Italian cartoonist Francesco Frank Federighi is behind the above caricature of King Charles, excitedly announcing the arrival of his imminent coronation with cymbals. Note Charles’ exaggerated distinguishing features, such as his swollen sausage fingers (the new monarch’s lymphatic system doesn’t work properly, meaning that fluid gets stuck outside the blood vessels, thereby causing extreme swelling), his prominent ears, and a dentist’s nightmare when it comes to his pearly whites.

Wimar Verdecia Fuentes
Charles edging towards the crownWimar Verdecia Fuentes

Cuban artist Wimar Verdecia Fuentes highlighted in their caricature that King Charles III is essentially the world’s oldest intern, who is finally getting his first job at the tender age of 74. The inclusion of a Harry Potter quote is the perfect touch...

Tjeerd Royaards
Heavy lies the crown...Tjeerd Royaards

A new reign begins, with the drawing of Dutch artist Tjeerd Royaards, the editorial cartoonist and cartoon editor for Cartoon Movement. The shadow of the late Queen Elisabeth II looms over this new era, and how one of the key features that will define (a miserable looking) King Charles III's reign will be how Britain's place in the world changes and if the 14 Commonwealth nations drop him as their head of state.

Bart van Leeuwen
No Australian bill for CharlesBart van Leeuwen

Speaking of the Commonwealth, another Dutch artist, Bart van Leeuwen, made reference to the fact that (a gormless looking) King Charles III will not feature on Australia’s new five dollar note, according to the country’s central bank.

Dave Whamond
Heavy lies the hat...Dave Whamond

Caricaturist Dave Whamond, whose work has appeared in Reader’s Digest, Wall Street Journal and Sports Illustrated, highlighted in his drawing how Charles is more than aware of how heavy lies the crown / hat. The monarch has attempted to rejuvenate the image of the monarchy, but many of his attempts have failed, including a rather tone-deaf coronation playlist, as well as the so-called “modern" touch of introducing a (widely mocked) pledge of allegiance.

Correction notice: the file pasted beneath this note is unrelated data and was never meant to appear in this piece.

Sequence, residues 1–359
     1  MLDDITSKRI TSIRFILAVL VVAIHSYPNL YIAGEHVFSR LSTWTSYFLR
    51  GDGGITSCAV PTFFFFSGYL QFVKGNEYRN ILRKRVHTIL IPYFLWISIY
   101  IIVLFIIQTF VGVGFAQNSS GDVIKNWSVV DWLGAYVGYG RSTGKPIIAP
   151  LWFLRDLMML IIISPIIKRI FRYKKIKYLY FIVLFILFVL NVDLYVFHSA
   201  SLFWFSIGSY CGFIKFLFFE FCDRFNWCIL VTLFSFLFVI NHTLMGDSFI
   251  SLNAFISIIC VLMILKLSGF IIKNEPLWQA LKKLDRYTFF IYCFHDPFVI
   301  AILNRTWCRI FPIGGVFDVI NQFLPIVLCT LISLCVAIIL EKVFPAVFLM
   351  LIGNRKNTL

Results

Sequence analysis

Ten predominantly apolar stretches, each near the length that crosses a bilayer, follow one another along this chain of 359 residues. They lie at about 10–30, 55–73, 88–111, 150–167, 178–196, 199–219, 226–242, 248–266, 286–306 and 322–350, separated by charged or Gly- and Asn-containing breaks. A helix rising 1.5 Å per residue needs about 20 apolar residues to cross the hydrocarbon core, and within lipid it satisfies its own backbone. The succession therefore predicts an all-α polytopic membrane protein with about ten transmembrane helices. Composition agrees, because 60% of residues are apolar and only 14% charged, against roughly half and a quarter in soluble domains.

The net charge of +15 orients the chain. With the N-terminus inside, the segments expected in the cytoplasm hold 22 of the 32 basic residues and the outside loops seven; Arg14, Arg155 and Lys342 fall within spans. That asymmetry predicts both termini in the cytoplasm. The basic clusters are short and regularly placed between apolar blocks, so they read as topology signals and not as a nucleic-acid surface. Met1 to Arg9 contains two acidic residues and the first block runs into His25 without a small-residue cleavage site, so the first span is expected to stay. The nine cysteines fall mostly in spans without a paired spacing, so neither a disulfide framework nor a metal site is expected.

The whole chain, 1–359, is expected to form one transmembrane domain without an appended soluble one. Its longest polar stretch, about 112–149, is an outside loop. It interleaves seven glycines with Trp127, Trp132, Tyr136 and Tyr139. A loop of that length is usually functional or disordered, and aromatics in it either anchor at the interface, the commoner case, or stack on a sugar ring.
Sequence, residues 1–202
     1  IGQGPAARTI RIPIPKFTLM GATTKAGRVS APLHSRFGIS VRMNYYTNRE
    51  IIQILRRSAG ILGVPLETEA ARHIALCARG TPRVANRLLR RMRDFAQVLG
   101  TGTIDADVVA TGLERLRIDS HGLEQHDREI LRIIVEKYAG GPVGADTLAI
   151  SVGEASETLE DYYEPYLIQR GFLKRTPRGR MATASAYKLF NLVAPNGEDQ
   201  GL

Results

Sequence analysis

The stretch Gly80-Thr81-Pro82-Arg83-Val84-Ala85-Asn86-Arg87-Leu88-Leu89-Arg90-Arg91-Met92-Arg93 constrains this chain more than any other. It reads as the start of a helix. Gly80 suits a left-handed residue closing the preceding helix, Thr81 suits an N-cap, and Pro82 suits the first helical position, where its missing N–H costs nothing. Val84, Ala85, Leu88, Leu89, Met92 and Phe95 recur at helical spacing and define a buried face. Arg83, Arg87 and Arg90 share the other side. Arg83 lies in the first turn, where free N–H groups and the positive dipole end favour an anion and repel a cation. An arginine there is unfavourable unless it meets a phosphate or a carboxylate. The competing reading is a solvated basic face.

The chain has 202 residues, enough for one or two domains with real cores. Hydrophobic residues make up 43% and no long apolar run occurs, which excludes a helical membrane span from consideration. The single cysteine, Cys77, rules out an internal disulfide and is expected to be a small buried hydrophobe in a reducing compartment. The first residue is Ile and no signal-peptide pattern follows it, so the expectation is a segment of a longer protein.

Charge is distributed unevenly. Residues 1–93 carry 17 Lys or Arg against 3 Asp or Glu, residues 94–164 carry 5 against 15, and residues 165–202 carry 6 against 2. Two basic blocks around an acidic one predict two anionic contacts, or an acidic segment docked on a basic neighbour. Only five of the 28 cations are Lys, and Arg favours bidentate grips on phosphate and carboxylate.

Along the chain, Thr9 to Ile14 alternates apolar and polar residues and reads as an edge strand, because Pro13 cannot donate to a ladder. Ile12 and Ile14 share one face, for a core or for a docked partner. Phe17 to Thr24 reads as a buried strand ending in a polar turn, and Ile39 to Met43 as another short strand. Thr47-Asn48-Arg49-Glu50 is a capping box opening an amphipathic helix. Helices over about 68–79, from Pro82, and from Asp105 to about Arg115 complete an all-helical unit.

This is Africa
The ills of colonialismThis is Africa

This is Africa referred to the UK’s “disregard for the rights of those affected by colonial looting”, with this caricature alluding to the crown and sceptre - which both feature diamonds taken from colonial-era South Africa. Indeed, St Edward’s Crown is adorned with 2,868 diamonds, 17 sapphires, 11 emeralds, four rubies and 269 pearls. The crown’s exact value is a matter of debate, but experts have speculated that it is worth between £3 billion and £5 billion (up to €5.6 billion). Many African countries and other former colonies have repeatedly asked for the return of stolen minerals and artefacts, but the pleas have fallen on deaf ears. That said, Camilla has rejected the controversial Koh-i-Noor diamond for her crown. Baby steps and all...

Fabian Sotolongo
Finally...Fabian Sotolongo

Cuban artist Fabian Sotolongo went in strong with this one, a 2022 drawing of Charles waking up and celebrating, thrilled at the prospect of finally acceding to the throne. He is pictured sharing a bed with the Grim Reaper, who was instrumental in his promotion…

So, have these artists gone too far in your opinion? Let us know.